Haiti’s biggest celebration of the year, Carnival, or “Kanaval” in Haitian Creole, begins every year in late January and ends with a four-day party right before the Roman Catholic holiday of Ash Wednesday.1 Every Sunday for a month in the lead-up to the Carnival, several hundred thousand people descend on the surrounding downtown area of Port-au-Prince for the parade, the music, and the free-flowing and alcohol-fueled celebration. Rara bands are active on the streets, and clubs and bars hold big parties.
Although the festivity has a medieval European root, Haitian Carnival is a fusion of clandestine Vodou, ancestral memory, political satire, and personal revelation.3 It is not only a time to celebrate the pleasures of life before a time of penance and self-restraint (Lent), but it is also a window of opportunities for the many Haitians to express themselves through their music, costumes, masks, and any other performance pieces.4 Overall, regardless of the socioeconomic status of the participant, Haitian Carnival is enjoyed by everyone as one people, one culture, and one nation.
Although the National Carnival celebration in Port-au-Prince has been canceled this year due to an ongoing political and economic crisis, the pre-Lenten Mardi Gras festivities were kick-started on January 16th in Jacmel, a coastal town in Southern Haiti. Famous for its craft of papier-mâché, the Jacmel parade had characters ranging from dinosaurs and fish to snakes and the faces of senators and deputies. On the school grounds of EML, the headmaster also organized special activities for the students and their families to celebrate Haitian Carnaval. Students were dressed in special costumes, make-up, and masks. Their families were also entertained with some dancing and singing performed by the students.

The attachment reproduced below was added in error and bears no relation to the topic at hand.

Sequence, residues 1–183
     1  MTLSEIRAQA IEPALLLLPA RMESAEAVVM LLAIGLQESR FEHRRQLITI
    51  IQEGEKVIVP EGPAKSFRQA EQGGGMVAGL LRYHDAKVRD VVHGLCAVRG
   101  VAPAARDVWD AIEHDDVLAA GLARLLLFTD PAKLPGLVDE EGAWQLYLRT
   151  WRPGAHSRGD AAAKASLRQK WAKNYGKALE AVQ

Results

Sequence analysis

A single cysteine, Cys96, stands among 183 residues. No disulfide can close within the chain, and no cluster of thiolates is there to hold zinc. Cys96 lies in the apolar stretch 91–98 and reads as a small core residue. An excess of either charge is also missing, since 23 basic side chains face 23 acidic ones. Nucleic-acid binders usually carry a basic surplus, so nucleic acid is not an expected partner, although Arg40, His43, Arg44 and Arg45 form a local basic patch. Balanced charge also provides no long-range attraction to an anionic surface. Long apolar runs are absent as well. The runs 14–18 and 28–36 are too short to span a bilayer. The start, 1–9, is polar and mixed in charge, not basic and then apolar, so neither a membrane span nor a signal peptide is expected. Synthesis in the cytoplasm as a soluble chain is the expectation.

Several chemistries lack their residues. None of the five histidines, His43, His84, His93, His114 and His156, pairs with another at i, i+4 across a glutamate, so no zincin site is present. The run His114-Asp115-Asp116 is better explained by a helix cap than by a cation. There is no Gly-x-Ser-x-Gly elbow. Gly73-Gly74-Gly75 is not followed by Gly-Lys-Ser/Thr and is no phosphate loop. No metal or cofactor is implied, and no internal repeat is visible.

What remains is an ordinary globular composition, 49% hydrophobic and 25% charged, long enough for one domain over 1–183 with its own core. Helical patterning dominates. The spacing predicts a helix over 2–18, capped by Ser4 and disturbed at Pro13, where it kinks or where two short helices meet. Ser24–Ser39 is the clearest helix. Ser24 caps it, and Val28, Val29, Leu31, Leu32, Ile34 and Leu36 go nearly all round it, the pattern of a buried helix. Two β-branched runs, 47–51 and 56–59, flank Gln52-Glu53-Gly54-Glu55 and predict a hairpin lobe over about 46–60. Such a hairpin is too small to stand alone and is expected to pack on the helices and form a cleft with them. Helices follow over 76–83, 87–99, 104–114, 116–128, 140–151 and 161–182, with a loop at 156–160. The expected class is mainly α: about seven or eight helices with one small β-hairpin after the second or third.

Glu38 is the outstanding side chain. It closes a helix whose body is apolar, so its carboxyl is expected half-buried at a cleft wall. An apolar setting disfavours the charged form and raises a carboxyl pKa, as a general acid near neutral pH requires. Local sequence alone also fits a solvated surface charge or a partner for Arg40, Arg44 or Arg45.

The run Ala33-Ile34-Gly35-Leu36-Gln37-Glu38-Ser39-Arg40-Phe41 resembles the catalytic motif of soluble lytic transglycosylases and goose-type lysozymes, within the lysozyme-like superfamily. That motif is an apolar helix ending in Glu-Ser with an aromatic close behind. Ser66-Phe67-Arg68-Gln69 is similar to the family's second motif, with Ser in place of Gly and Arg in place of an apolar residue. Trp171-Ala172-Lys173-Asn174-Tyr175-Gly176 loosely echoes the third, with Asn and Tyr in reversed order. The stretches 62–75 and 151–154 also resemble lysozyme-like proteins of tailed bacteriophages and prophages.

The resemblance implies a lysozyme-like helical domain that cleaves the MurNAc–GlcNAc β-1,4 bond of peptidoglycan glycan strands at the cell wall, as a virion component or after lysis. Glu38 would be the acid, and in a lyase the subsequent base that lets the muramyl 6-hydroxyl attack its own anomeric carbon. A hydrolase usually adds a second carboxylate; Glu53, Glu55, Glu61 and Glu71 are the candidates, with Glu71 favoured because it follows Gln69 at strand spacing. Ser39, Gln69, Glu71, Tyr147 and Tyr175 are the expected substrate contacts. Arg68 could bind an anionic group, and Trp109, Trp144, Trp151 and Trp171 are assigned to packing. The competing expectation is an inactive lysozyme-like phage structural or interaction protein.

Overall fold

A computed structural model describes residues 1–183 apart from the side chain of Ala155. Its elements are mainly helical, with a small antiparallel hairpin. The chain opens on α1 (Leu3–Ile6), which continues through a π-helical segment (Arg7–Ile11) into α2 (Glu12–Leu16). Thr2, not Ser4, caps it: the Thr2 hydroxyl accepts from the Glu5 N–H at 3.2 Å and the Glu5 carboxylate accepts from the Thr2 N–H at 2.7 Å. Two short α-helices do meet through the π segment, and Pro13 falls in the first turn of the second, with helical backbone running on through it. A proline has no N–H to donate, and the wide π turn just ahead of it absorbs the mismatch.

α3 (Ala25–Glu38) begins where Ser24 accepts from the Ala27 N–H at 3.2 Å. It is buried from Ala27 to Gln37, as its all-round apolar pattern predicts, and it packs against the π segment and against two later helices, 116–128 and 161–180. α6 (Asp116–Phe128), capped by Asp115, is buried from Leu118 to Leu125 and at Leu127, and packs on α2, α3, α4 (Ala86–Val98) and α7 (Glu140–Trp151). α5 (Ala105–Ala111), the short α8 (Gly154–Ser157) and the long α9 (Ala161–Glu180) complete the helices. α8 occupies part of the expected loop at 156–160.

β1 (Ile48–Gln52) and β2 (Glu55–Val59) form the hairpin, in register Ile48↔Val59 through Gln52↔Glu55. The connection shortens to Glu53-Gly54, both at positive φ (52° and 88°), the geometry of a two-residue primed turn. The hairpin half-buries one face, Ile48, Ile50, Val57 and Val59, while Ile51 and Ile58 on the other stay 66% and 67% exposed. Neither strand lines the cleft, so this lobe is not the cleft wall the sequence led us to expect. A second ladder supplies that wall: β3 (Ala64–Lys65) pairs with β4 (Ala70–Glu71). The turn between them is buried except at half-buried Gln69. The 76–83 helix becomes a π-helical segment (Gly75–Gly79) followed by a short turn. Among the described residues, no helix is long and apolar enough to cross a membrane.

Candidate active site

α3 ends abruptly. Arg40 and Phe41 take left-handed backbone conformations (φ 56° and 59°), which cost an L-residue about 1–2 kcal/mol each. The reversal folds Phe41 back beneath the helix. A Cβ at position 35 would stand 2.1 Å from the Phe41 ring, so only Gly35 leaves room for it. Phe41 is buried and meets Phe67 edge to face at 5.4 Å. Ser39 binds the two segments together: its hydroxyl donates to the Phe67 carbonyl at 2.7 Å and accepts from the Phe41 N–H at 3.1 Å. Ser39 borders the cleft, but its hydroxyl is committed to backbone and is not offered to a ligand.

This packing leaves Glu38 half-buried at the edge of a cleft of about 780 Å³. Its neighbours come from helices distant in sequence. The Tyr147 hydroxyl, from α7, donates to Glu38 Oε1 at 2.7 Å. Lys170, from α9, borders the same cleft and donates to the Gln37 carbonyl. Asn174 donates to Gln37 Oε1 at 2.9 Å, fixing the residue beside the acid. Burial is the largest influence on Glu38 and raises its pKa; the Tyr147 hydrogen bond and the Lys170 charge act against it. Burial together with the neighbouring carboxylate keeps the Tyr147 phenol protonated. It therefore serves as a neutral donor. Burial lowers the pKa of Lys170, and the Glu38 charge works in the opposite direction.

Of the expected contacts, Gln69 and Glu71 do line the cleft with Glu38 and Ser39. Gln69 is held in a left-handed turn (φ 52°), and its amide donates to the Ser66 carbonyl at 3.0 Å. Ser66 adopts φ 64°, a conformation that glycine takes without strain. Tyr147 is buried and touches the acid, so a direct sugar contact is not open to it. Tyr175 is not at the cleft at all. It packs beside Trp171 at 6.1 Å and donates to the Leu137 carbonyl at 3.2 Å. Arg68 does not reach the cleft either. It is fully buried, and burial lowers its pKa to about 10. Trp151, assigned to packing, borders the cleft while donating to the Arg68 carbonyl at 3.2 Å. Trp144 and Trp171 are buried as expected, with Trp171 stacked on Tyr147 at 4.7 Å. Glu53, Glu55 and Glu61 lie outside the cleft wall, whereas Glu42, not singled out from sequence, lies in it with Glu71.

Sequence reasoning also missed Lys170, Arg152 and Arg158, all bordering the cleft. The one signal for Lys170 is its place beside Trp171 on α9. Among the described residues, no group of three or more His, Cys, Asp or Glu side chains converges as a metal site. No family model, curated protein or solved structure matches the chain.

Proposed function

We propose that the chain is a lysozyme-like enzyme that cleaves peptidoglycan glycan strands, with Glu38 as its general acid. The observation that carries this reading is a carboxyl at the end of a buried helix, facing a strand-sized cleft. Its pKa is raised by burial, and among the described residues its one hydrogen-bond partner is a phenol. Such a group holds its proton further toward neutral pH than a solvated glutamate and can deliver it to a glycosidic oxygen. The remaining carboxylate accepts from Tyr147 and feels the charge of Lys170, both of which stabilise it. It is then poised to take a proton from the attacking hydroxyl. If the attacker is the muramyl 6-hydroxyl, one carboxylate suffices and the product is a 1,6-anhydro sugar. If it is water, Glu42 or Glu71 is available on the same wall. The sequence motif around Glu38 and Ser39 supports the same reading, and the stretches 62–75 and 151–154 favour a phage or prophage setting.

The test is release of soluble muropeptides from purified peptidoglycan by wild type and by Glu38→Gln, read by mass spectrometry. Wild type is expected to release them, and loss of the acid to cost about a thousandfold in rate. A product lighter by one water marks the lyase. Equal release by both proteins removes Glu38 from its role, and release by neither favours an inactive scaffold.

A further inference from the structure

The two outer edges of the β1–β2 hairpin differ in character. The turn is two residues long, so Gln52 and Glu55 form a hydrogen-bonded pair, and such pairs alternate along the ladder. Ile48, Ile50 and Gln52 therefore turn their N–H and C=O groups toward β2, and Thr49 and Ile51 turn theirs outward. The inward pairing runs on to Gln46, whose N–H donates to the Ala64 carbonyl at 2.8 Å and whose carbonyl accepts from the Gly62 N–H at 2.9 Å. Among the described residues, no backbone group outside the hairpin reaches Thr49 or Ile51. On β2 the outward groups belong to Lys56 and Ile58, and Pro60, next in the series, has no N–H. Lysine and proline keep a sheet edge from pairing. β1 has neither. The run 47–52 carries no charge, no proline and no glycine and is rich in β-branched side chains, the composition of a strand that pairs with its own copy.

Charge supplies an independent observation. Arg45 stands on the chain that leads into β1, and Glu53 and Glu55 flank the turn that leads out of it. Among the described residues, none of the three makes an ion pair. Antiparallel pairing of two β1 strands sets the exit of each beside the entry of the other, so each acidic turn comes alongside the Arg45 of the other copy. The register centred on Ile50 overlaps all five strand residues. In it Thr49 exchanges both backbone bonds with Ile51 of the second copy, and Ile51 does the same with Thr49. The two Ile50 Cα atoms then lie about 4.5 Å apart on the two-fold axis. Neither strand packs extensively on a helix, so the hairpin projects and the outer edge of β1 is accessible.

As Haiti continues to combat the pandemic and its instability, as one people, they will continue to use art, music, and dance to celebrate their history and future story. “It was wonderful to see the students, parents, and staff having a moment of fun,” said Marie Thadal, the founder of ITIAH Angels for Learning.
Jermyn, L., NgCheong-Lum, R. (2005). Haiti. United States: Marshall Cavendish Benchmark. Retrieved April 1, 2022, from https://www.google.com/books/edition/Haiti/FUSD2v4EQE8C?hl=en&gbpv=0&kptab=overview
Clammer, P. (2016). Haiti. United Kingdom: Bradt Travel Guides. Retrieved April 1, 2022, from https://www.google.com/books/edition/Haiti/e6AyDQAAQBAJ?hl=en&gbpv=0
Acervo Lima. (2022). Haitian Carnival. Retrieved April 1, 2022, from https://wiki.acervolima.com/haitian-carnival/
Holt International. (2022). How Sponsored Children and Families Celebrate Haitian Carnival. Retrieved April 2, 2022, from https://www.holtinternational.org/how-sponsored-children-and-families-celebrate-haitian-carnival/
HaitiLibre. (2022). Haiti – FLASH : The Government cancels the National Carnival 2022 but…Retrieved April 1, 2022, from https://www.haitilibre.com/en/news-35892-haiti-flash-the-government-cancels-the-national-carnival-2022-but.html
HaitianTimes. (2022). Jacmel opens Carnival season with jubilance and cooperation. Retrieved on April 2, 2022, from https://haitiantimes.com/2022/02/10/jacmel-opens-carnival-season-with-jubilance-and-cooperation/
Written by Jennifer ShuPing-Chen